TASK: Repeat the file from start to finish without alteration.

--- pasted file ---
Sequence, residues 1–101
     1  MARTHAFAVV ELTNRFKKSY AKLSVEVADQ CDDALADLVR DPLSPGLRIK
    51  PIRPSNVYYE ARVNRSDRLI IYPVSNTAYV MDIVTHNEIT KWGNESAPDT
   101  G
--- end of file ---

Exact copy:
Sequence, residues 1–101
     1  MARTHAFAVV ELTNRFKKSY AKLSVEVADQ CDDALADLVR DPLSPGLRIK
    51  PIRPSNVYYE ARVNRSDRLI IYPVSNTAYV MDIVTHNEIT KWGNESAPDT
   101  G